Jail where Joe Dalton died

Jail where Joe Dalton died

According to the records, Joe pleaded not guilty. At his first trial, the jury could not come to a decision so a mistrial was declared. On November 24, 1952, the records show that Joe and his probation officer appeared before the court and asked he be placed on probation pursuant to a plea of guilty. Unfortunately for Joe, the court decided to instead put him in jail for one year. However, they did agree to give him six weeks to put his business in order prior to serving his sentence. And unfortunately on May 19, 1953, at 6 pm, Joe’s throat was cut – he died within two to three minutes.

In addition to documenting the court proceedings and his death, the records provided me with other interesting facts about Joe and his life in West Virginia. His probationary review shows a prior arrest on July 1, 1951, in Knoxville, Tenn., for intoxication. And the most unexpected twist I found was that Joe had been living in Greenbrier County for about seven years and worked as a miner until November 1951 when he married and started assisting his wife in operating “Beer Parlot” near Duo. His wife?! No one in the family had mentioned or seemed to know he remarried. According to the documents, he married his wife, Kathleen Sutton (age 37), in Covington, Virginia.

Beer Parlor owned by Dalton

Possible Remains of Dalton's "Beer Parlor"

Fortunately I was also able to speak with someone from Kathleen’s family who helped fill in more details and information about the shooting. According to her, these two brothers had entered the kitchen of the bar where Kathleen was and were threatening her and trying to rob her. Joe came in and shot at them killing one. This makes sense because of the hesitation for the jury to convict Joe of manslaughter. She also said while Joe was in prison, he was often released during the day to help out around the jail with cooking and other duties. Kathleen passed away in 1988.

During my time in West Virginia, I also went into the mountains to try to find the bar where the shooting occurred. The road to the bar was a one lane road next to a creek with few buildings left along the route and no way to determine an address of anything. After traveling the correct distance out of Duo, I fortunately saw someone in the front yard of a mobile home, and I asked him if there was a bar nearby. He said the only bar he knew about was the one shown in this photo – as you can see it had fallen into ruin. Based on my research and the information from this man, I believe it is probably the right one. Although I really wanted to go through the debris, I did not want to trespass and also wondered about snakes and wild animals. So I took my photos and left.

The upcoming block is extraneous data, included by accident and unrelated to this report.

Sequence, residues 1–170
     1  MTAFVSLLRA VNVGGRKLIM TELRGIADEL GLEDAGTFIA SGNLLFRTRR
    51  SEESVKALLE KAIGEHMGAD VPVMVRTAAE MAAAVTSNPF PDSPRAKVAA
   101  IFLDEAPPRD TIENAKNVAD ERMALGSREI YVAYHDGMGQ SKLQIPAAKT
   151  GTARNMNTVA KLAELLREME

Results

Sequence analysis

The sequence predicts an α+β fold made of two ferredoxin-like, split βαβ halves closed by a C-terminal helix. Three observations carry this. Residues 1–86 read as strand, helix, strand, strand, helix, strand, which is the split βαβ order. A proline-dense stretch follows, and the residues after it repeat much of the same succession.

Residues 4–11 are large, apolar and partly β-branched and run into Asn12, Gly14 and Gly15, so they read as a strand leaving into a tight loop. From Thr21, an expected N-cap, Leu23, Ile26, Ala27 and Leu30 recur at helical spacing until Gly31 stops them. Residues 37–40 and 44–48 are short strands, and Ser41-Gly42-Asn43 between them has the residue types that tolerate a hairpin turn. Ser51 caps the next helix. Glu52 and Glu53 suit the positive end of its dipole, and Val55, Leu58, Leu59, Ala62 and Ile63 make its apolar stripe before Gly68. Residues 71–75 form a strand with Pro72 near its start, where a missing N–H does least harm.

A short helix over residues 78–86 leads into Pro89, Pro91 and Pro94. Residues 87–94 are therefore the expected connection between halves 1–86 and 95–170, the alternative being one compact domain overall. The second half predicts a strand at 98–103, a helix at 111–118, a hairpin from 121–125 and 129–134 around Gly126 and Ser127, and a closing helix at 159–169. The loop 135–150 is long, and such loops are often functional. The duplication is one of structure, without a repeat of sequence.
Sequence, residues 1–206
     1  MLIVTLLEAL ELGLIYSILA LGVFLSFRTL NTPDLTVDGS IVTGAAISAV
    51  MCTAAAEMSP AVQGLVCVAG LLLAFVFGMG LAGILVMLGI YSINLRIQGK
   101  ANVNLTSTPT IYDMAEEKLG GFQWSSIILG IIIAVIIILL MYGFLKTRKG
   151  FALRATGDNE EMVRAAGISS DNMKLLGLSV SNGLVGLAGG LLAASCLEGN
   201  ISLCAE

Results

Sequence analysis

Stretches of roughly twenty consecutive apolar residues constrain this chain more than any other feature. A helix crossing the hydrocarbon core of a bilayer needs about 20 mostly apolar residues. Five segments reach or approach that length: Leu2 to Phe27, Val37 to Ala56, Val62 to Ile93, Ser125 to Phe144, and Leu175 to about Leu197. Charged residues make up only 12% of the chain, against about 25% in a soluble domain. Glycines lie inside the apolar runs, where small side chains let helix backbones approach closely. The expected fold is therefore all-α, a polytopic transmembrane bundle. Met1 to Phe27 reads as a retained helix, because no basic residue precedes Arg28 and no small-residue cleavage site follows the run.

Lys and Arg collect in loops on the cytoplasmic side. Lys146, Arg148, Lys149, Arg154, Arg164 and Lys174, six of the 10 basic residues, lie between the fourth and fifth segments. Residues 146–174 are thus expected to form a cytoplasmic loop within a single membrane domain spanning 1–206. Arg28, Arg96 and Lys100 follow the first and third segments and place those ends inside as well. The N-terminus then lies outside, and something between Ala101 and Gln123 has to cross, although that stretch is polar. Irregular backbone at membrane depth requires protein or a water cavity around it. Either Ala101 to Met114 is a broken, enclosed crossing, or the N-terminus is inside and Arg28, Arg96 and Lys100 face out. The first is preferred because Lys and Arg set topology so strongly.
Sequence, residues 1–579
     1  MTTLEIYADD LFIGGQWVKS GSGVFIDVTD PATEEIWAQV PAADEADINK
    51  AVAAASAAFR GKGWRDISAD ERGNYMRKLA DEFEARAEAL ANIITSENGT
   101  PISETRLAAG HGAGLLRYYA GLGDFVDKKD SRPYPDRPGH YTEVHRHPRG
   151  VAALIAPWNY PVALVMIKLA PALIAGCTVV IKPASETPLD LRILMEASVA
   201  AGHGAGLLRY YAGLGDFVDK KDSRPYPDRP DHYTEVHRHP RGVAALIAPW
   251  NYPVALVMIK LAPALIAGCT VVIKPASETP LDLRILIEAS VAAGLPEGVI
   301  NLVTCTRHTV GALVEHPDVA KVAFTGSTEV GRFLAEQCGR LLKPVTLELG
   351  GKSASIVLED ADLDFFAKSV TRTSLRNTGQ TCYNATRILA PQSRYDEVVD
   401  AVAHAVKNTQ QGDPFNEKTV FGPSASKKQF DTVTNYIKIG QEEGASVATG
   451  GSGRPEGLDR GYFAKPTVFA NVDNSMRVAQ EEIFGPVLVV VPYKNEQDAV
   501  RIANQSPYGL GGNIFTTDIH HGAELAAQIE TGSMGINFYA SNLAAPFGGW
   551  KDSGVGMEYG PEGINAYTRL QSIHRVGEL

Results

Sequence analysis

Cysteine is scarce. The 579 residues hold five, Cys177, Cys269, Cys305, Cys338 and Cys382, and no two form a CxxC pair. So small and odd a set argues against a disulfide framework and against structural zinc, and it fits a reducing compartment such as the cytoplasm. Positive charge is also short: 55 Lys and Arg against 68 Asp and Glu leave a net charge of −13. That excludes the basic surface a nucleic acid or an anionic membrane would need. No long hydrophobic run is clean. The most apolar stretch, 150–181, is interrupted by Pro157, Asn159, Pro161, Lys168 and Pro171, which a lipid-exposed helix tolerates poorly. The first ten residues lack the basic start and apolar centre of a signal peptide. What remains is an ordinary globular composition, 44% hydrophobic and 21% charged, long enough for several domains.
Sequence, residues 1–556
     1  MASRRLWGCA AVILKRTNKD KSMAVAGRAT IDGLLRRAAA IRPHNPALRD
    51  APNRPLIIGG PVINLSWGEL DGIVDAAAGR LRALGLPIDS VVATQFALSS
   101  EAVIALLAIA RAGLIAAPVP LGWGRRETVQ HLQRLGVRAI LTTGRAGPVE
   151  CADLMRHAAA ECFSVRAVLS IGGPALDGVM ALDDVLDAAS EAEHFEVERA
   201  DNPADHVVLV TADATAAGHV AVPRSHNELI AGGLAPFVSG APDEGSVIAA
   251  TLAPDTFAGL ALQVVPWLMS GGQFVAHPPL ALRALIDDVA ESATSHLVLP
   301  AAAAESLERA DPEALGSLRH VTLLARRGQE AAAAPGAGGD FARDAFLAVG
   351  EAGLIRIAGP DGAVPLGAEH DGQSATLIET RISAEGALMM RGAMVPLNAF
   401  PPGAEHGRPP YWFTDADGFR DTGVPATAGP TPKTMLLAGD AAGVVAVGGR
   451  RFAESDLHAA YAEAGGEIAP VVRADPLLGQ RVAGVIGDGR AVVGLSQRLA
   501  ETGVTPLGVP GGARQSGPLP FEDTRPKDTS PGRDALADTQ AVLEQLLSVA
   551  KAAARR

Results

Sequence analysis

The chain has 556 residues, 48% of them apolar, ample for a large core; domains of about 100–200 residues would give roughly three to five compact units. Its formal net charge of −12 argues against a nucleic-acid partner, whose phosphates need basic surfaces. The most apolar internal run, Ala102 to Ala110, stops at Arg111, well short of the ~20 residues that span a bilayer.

As you can see – there are still many unanswered questions about Joe and his life and even his death. One day, I had hoped to talk with one of his children. But I’ve not been able to locate them with the information I have, and as time goes on, I have less of a chance to find them alive. At least the release of the 1940 US Census might provide me with a few more clues. Although I’ll probably never know if Joe really did take his own life or if someone stopped by the jail that night in May of 1953 to pay Joe back for killing their relative or friend.

Family Secrets

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Joyce Marfell Ochs

My mom - Joyce Marfell Ochs

Over the last week I’ve been fortunate to have received some correspondence shedding more light on a few unanswered questions in my adoptive family’s maternal tree. This is the second time that a family member has shared what had been a family “secret” or unknown fact with me on my mother’s side of the tree. My mother would have been scandalized, or would she? For I discovered shortly after she died, my mother held her own secret.

My mother was English on her father’s side and Polish on her mother’s. She was fiercely close to her father’s sister, Aunt Agnes, who had no children. Throughout her life she emphasized how completely moral and strict her father and his family were – a proper English family. She was very proud of this heritage. Because my mother freely shared so very many memories with me from her life, I would at first think she had no idea about the past I have uncovered.

And perhaps she was completely unaware of the two stories I have been told – one happened in England many years before she was born. The other occurred in the decades leading up to her birth. Which makes me wonder if these events pushed her father and his sister to live such a strict, moral life and raise my mother with as many restrictions as possible.